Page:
Rather than just trying to find a place with a nice waterfront view, Nancy Nowacek is looking to reconnect New Yorkers with the nature that surrounds them by giving them a chance to walk on water.
Nowacek is the artist behind the Citizen Bridge, a proposed 1,400-foot pedestrian crossing that would connect Brooklyn to Governor’s Island and would help citygoers reclaim the waterways as a public space.
The foot path — which due to daily usage of the water by agencies such as the U.S. Coast Guard would only be in use for 24 hours — would work as an experience for residents to cross to an island that comes alive over the summer with events such as music and art festivals.
“Waterfront views are fantastic but the water is just much more than a view,” she said. “It’s a whole other world that exists right outside our front doors.”
For the Brooklyn artist, the idea first started when she moved to Red Hook and for the first time felt like she lived on an island – even after living in New York City since the late 1990s.
She could see Governor’s Island and the water from her apartment and she said things really began to come together after she learned from a story by Walt Whitman of a sandbar that during a low tide would allow people to get to land on either side of what is known as the Buttermilk Channel.
“That changed the way I looked at the waterways and really how I looked at the city,” Nowacek said.
Over the past four years the project has being developing and Nowacek, together with a group of volunteers, have been working together with regulatory agencies — who would in the end give the permits needed to actually construct the final bridge — to adapt the design.
During this time the group has also been learning about the challenges that come with working on the city’s waterways and learning from anyone who could teach them about how the water behaves.
The project has so far seen seven different bridge designs and is now ready to build a proof-of-concept design, based on the first full-engineered prototype, which will allow the group to understand the operations, logistics and safety systems for the actual final bridge.
With all the work done for the project being all volunteer work by Nowacek and her team of everything from artists to engineers and educators and architects, the Citizen Bridge team has turned to Kickstarter to raise the funds needed for this next step.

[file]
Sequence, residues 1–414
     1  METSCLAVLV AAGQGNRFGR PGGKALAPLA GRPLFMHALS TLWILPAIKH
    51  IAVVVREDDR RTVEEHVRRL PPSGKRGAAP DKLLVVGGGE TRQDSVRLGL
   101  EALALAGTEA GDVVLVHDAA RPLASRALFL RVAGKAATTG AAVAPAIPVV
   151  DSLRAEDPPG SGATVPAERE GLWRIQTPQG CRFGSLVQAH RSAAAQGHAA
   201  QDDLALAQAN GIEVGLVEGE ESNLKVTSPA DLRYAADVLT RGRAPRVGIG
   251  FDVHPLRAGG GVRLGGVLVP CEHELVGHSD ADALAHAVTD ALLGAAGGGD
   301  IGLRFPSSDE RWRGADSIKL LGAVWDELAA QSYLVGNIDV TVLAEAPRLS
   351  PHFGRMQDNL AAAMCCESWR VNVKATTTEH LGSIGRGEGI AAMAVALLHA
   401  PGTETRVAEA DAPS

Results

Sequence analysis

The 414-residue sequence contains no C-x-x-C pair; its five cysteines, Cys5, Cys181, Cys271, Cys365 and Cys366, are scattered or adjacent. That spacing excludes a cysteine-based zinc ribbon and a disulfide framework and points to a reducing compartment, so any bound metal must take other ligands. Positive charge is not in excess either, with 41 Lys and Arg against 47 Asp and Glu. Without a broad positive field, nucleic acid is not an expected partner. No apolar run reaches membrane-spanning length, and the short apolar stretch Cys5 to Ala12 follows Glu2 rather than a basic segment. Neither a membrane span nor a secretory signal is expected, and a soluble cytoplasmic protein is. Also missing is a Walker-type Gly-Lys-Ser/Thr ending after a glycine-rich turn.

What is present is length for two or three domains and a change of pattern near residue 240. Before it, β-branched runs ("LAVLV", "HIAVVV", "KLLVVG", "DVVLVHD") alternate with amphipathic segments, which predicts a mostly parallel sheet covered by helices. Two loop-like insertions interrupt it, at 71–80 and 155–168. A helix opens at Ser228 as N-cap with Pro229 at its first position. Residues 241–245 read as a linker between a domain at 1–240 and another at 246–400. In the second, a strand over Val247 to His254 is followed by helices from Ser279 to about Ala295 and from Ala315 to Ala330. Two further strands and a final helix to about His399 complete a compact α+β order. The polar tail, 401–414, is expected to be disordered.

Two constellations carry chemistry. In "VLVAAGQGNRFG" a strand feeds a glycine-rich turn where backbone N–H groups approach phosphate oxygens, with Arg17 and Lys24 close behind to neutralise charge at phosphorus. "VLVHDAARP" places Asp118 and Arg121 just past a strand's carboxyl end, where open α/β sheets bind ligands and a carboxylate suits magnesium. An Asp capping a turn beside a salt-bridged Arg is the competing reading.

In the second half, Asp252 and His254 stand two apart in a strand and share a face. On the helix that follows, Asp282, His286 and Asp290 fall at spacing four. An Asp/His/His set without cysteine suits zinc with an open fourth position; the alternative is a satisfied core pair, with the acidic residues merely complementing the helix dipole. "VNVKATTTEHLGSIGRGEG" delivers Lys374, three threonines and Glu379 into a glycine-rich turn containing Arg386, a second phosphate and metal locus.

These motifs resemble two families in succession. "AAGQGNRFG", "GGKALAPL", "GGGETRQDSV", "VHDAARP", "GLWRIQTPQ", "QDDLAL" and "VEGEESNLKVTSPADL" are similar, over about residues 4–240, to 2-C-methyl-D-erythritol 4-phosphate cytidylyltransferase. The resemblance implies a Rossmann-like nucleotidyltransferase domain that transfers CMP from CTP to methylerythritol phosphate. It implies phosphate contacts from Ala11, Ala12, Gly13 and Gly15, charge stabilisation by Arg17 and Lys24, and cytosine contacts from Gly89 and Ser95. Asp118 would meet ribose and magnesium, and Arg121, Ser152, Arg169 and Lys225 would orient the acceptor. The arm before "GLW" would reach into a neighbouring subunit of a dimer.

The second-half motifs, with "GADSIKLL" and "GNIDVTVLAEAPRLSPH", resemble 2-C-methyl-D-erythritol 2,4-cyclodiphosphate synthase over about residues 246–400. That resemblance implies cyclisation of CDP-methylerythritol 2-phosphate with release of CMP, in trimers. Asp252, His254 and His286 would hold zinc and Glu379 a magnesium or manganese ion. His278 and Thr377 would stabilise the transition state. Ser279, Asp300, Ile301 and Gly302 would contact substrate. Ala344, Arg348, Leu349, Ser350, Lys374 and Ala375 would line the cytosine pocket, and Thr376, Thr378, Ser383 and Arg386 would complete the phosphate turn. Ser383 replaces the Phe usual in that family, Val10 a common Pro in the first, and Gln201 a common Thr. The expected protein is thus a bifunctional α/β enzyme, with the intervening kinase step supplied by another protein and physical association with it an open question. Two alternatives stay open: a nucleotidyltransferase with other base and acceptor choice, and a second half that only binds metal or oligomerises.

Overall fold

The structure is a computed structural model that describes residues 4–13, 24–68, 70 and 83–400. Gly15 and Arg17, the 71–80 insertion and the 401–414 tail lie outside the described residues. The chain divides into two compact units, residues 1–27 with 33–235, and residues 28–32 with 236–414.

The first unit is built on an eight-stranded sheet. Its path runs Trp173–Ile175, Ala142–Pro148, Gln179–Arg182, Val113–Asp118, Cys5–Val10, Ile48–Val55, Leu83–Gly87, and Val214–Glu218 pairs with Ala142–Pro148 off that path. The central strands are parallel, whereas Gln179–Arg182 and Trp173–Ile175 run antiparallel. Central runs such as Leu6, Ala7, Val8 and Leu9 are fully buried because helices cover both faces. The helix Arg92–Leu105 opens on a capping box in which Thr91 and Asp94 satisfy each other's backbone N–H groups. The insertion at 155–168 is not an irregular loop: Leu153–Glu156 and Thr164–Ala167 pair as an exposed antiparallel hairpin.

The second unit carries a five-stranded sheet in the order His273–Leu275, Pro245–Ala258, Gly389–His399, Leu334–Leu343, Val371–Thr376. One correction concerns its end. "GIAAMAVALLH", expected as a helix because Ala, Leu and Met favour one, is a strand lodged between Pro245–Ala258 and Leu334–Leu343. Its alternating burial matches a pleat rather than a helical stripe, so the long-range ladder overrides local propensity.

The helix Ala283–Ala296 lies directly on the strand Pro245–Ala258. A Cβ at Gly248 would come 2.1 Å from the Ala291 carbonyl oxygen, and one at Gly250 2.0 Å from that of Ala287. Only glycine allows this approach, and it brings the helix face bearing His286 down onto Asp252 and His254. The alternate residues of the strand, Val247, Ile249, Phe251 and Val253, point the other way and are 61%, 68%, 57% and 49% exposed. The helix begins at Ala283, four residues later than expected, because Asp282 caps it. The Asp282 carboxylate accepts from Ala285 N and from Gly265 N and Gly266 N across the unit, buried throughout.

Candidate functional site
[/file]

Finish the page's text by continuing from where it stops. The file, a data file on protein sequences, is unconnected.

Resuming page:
“When I look at the city I see imagination at large and so for me this project is just another form of that and for New Yorkers to participate in the building of their city,” she said.
Once the goal of $25,000 is raised the plans are to build the 100 to 200-foot prototype in Brooklyn Bridge Park by the end of September.
If everything goes as planned and the group is also able to get all the 12 permits needed by the regulatory agencies for the project to move to its final phase, they plan to have the bridge on the water by the end of summer in 2017.
Although the bridge will only be out for one entire day, the plan is to bring the bridge back yearly, while also take it around the city and across the country.
“We don’t want to bring the waterways to a grinding halt, we want to expand the use of the waterways,” she said.
And in the end, Nowacek said that she aims for the Citizen Bridge to be a collective work by New Yorkers to reclaim space that is right in their backyard.
She added that since the start she has constantly received help from others and the project would not be where it is without the volunteers — all working pro bono — and organizations such as the Lower Manhattan Cultural Council, Recess, Pioneer Works, Sharpe Walentas Studio Program and Eyebeam.
“It’s important to me that everyone feels like they have a role in constructing this space because for me, that’s what public space is about,” she said. “The bridge is a technology of citizenship and sort of a technology of communication.”